Stack Overflow is a community of 4.7 million programmers, just like you, helping each other.

Join them; it only takes a minute:

Sign up
Join the Stack Overflow community to:
  1. Ask programming questions
  2. Answer and help your peers
  3. Get recognized for your expertise

I apologize for the terrible title...it can be hard to try to summarize an entire situation into a single sentence.

Let me start by saying that I'm asking because I'm just not a Regex expert. I've used it a bit here and there, but I just come up short with the correct way to meet the following requirements.

The Regex that I'm attempting to write is for use in an XML schema for input validation, and used elsewhere in Javascript for the same purpose.

There are two different possible formats that are supported. There is a literal string, which must be surrounded by quotation marks, and a Hex-value string which must be surrounded by braces.

Some test cases:

"this is a literal string" <-- Valid string, enclosed properly in "s
"this should " still be correct" <-- Valid string, "s are allowed within (if possible, this requirement could be forgiven if necessary)
"{00 11 22}" <-- Valid string, {}'s allow in strings. Another one that can be forgiven if necessary
I am bad output <-- Invalid string, no "s
"Some more problemss"you know <-- Invalid string, must be fully contained in "s
{0A 68 4F 89 AC D2} <-- Valid string, hex characters enclosed in {}s
{DDFF1234} <-- Valid string, spaces are ignored for Hex strings
DEADBEEF <-- Invalid string, must be contained in either "s or {}s
{0A 12 ZZ} <-- Invalid string, 'Z' is not a valid Hex character

To satisfy these general requirements, I had come up with the following Regex that seems to work well enough. I'm still fairly new to Regex, so there could be a huge hole here that I'm missing.:

&quot;.+&quot;|\{([0-9]|[a-f]|[A-F]| )+\}

If I recall correctly, the XML Schema regex automatically assumes beginning and end of line (^ and $ respectively). So, essentially, this regex accepts any string that starts and ends with a ", or starts and ends with {}s and contains only valid Hexidecimal characters. This has worked well for me so far except that I had forgotten about another (although less common, and thus forgotten) input option that completely breaks my regex.



Where I made my mistake:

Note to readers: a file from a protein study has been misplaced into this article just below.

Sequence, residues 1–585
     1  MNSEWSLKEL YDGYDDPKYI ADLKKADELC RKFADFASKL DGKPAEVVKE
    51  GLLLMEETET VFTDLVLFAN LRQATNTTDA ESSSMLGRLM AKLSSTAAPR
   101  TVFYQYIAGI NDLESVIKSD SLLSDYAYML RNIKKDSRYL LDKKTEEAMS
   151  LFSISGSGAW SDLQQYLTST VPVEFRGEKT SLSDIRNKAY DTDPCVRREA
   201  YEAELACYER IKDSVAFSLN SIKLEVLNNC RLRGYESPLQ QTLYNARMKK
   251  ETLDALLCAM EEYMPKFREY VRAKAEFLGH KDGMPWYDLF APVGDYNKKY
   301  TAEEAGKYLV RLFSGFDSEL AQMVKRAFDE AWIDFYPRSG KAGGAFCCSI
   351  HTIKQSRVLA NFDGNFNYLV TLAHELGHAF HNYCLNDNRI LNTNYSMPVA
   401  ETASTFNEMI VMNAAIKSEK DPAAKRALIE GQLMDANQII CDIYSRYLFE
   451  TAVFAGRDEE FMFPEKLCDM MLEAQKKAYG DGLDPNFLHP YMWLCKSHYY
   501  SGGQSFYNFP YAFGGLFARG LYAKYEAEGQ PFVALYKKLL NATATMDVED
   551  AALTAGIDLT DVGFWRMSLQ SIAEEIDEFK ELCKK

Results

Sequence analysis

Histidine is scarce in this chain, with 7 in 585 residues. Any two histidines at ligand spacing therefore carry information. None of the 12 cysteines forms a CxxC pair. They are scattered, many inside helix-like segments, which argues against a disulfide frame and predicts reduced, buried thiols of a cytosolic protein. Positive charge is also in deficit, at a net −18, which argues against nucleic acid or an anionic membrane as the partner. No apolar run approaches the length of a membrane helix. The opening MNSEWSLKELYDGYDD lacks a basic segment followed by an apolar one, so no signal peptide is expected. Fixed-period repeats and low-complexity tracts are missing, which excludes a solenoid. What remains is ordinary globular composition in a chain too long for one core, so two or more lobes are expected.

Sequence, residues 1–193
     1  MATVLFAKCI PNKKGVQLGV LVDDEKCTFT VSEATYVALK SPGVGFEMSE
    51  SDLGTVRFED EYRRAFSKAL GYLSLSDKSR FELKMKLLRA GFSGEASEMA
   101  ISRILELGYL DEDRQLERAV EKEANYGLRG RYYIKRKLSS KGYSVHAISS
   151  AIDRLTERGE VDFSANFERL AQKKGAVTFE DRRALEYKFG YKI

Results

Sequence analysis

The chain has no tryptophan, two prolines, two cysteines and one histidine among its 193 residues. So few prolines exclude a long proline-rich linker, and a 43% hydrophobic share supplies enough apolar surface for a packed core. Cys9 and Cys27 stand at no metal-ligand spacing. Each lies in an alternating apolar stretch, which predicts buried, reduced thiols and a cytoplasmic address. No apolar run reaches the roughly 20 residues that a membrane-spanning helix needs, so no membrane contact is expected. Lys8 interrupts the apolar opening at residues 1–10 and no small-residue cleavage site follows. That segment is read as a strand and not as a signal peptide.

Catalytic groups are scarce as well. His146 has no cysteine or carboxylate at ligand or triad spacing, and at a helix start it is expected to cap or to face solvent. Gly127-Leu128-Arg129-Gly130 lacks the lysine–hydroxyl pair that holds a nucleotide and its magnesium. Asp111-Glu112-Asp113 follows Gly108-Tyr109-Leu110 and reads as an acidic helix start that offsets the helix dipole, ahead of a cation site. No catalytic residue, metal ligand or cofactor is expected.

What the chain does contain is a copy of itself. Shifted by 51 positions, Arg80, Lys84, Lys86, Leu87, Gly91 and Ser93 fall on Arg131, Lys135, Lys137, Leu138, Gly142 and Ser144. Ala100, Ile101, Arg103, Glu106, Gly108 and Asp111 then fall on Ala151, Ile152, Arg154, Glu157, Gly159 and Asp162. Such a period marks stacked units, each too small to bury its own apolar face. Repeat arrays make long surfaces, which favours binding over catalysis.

Valid input should also allow a user to separate valid strings (of either type, literal/hex) by a comma. This means that a single string should be able to contain more than one of the above valid strings, separated by commas. Luckily, however, a comma is not a supported character within a literal string (although I see that my existing regex does not care about commas).

Example test cases:
"some string",{0A F1} <-- Valid
{1122},{face},"peanut butter" <-- Valid
{0D 0A FF FE},"string",{FF FFAC19 85} <-- Valid (Spaces don't matter in Hex values)
"Validation is allowed to break, if a comma is found not separating values",{0d 0a} <-- Invalid, comma is a delimiter, but "Validation is allowed to break" and "if a comma..." are not marked as separate strings with "s
hi mom,"hello" <-- Invalid, String1 was not enclosed properly in "s or {}s

My thoughts are that it is possible to use commas as a delimiter to check each "section" of the string to match a regex similar to the original, but I just am not that advanced in regex yet to come up with a solution on my own. Any help would be appreciated, but ultimately a final solution with an explanation would just stellar.

Thanks for reading this huge wall of text!

share|improve this question
up vote 2 down vote accepted

According to http://www.regular-expressions.info/xml.html the regex language to be used in XSD is less expressive than the one used in Java, but expressive enough for your task.

Now for a construction, take your own regex. Replace the dot with a negated character class [^,] to match everything except the comma, and (for increased clarity) merge the hexadecimal character classes into one. You get the following regex:

&quot;[^,]+&quot;|\{[0-9a-fA-F ]+\}

If we name this regex <S> (for "single string"), the additional feature is validated by the regex matching any number of <S>,, followed by a single <S>:

(<S>,)*<S>

Expanded, this yields the desired regex:

((&quot;[^,]+&quot;|\{[0-9a-fA-F ]+\}),)*(&quot;[^,]+&quot;|\{[0-9a-fA-F ]+\})
share|improve this answer
    
Thank you Christian, this is exactly what I was looking for. To have it explained just makes seem even easier than I had realized...I suppose that's the difference between knowing a language, and just chugging away at it attempting to get it right. It looks much easier when you do it, and the explanation makes perfect sense. Thank you! – KevenK May 14 '10 at 19:54

Maybe something along the lines of

(?:(?:"[^,]+?"|\{(?:[0-9]|[a-f]|[A-F]| )+?\}),)*(?:(?:"[^,]+?"|\{(?:[0-9]|[a-f]|[A-F]| )+?\}))
share|improve this answer
    
This is a valid Java solution, but the regex language of XSD does not allow some syntax elements (reluctant quantifiers and non-capturing groups). See regular-expressions.info/xml.html – Christian Semrau May 14 '10 at 19:32
    
Upvoted in appreciation for the effort, and also for a valid solution (I'm trusting Christian on this one, anyway). Thank you for your help! – KevenK May 14 '10 at 19:56

Your Answer

 
discard

By posting your answer, you agree to the privacy policy and terms of service.

Not the answer you're looking for? Browse other questions tagged or ask your own question.